If that retailer had a kiosk or a mobile app (for me or the sales associate) that let me order the shirt not in stock locally, it would have made a sale. I would not have bounced. It seems simple, but it's rare.
Part of the problem is that the retailers' supply chain management systems are designed for a long-dead past where inventory management was seasonal and deliveries happened every week or every few days. Real time didn't matter; if you were out, you were out — "come back next week." If you've shopped at Best Buy, Office Depot, Lowes, Home Depot, or the like, you know that their online and mobile sites' inventories are rarely accurate, so you waste time and gas to get a product that isn't there. If you buy online instead to be safe, who knows when it will arrive — few retailers have Amazon.com-like awareness of shipping — and returning it can be difficult. (Some stores, like Lowes and Home Depot at least have the returns part down.)
I know retailers like to think show-rooming is only about "unfair" pricing from Amazon.com and Wal-Mart, but in my experience a lot of it is driven by the frustration of going to a retailer, not finding what you want, and being stuck with no option other than to go online.
Will customer abuse go mobile?
At the M-Commerce World conference, most of the presentations were by vendors pitching their established worldviews and naked self-interests. It left me convinced that effective m-commerce will come slowly, as companies stay stuck in their ruts and miss the bigger picture to adapt to.
I've been covering mobile tech for two decades, and 12 years ago I was executive editor of a magazine called M-Business that was all about mobile's business opportunities such as m-commerce. Sadly, much of the conversation hasn't changed in those 12 years: Telcos want a piece of the payments market but are afraid of the liability; plus, their users hate them. Everybody and his brother wants retailers to install some unproven proprietary payments terminal and ask their customers to walk away from the easy, familiar, and trusted credit or debit card.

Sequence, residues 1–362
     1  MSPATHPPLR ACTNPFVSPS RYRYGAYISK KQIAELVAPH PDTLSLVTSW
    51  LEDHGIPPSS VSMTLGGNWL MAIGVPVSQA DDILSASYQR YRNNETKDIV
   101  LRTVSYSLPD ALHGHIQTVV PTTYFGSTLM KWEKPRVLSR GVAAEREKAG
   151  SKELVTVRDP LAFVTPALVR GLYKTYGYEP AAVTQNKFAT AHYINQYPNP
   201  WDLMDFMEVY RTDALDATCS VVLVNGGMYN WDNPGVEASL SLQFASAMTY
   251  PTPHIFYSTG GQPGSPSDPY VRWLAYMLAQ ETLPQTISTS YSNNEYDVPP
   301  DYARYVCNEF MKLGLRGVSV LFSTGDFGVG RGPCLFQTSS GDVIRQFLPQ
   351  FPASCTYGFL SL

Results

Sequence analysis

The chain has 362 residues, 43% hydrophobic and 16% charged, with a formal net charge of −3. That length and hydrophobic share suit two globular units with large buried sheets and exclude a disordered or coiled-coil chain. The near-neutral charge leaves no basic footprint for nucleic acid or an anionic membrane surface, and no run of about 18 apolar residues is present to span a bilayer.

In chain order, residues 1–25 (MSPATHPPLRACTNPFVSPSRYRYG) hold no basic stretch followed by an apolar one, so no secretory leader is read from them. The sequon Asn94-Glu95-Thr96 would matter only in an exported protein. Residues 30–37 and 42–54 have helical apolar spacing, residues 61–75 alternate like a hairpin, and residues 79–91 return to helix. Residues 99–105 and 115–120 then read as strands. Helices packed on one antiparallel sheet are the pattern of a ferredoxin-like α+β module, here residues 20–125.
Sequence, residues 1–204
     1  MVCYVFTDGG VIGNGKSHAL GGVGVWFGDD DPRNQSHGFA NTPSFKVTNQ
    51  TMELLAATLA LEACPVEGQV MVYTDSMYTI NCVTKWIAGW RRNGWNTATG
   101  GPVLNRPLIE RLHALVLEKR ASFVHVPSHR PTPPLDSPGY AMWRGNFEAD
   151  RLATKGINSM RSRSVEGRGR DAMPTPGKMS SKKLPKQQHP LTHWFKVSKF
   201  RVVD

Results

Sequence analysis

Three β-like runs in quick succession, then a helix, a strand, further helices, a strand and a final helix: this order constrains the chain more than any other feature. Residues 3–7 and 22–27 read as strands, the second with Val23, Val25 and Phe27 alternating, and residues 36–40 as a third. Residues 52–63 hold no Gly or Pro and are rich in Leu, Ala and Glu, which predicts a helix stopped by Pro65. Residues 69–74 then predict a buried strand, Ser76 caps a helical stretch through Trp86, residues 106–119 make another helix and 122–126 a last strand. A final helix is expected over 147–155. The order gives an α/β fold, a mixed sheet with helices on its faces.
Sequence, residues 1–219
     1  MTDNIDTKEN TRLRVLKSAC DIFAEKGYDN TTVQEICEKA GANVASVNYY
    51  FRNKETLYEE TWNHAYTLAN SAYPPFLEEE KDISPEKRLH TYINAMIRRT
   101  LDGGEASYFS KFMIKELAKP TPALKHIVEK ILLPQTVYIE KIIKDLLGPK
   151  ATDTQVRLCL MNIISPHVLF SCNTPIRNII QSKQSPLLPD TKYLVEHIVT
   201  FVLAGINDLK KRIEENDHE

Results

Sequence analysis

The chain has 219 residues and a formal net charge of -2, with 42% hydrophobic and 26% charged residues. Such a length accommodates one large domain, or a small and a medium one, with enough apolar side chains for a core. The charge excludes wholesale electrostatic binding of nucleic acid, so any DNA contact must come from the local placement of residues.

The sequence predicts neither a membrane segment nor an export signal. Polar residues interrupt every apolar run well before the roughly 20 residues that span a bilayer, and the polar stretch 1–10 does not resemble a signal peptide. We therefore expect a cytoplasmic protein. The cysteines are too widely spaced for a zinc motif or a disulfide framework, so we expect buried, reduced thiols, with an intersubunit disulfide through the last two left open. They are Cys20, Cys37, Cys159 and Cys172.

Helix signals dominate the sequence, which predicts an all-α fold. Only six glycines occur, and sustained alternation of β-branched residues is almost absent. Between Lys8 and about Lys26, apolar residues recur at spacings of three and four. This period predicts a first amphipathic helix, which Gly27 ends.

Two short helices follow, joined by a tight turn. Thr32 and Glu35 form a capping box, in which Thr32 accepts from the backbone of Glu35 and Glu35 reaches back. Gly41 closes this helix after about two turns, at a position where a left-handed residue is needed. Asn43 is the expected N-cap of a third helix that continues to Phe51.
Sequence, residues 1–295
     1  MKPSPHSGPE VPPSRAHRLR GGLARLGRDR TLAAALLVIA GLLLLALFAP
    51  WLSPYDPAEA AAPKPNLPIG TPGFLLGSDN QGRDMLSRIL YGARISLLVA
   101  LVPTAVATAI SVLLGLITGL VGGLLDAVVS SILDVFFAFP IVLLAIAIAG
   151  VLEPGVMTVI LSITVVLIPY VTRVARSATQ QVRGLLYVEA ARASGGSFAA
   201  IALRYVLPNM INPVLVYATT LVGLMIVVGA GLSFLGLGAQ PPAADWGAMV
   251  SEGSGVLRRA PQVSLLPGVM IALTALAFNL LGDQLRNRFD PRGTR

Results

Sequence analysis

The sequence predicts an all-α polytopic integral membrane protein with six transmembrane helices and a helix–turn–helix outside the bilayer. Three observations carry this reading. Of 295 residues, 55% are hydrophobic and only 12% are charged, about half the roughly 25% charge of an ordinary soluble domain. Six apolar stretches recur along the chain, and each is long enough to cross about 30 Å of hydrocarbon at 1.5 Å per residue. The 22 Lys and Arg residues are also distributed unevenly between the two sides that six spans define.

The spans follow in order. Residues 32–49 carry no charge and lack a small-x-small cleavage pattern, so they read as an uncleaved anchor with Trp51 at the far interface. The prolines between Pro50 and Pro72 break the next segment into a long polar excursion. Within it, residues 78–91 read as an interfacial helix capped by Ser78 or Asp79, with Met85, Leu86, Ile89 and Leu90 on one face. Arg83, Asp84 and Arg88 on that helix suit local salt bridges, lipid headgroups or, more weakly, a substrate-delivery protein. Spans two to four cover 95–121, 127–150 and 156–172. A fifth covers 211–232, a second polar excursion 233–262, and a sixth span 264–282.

Worst of all, there's a continued strong belief that smartphones are perfect for targeting ads at people as they walk and drive through town. Several vendors, for example, sell retailers systems that monitor phone IDs in malls to track where people go. They don't know who that person is, but they know where that cellphone has been, to build up a profile of likely interests that can then be used to advertise to those people with alerts and the like. If you remember when sales calls were common at dinner time, you know the loathing that such technology will create if deployed the rest of the day on the devices we always have with us.
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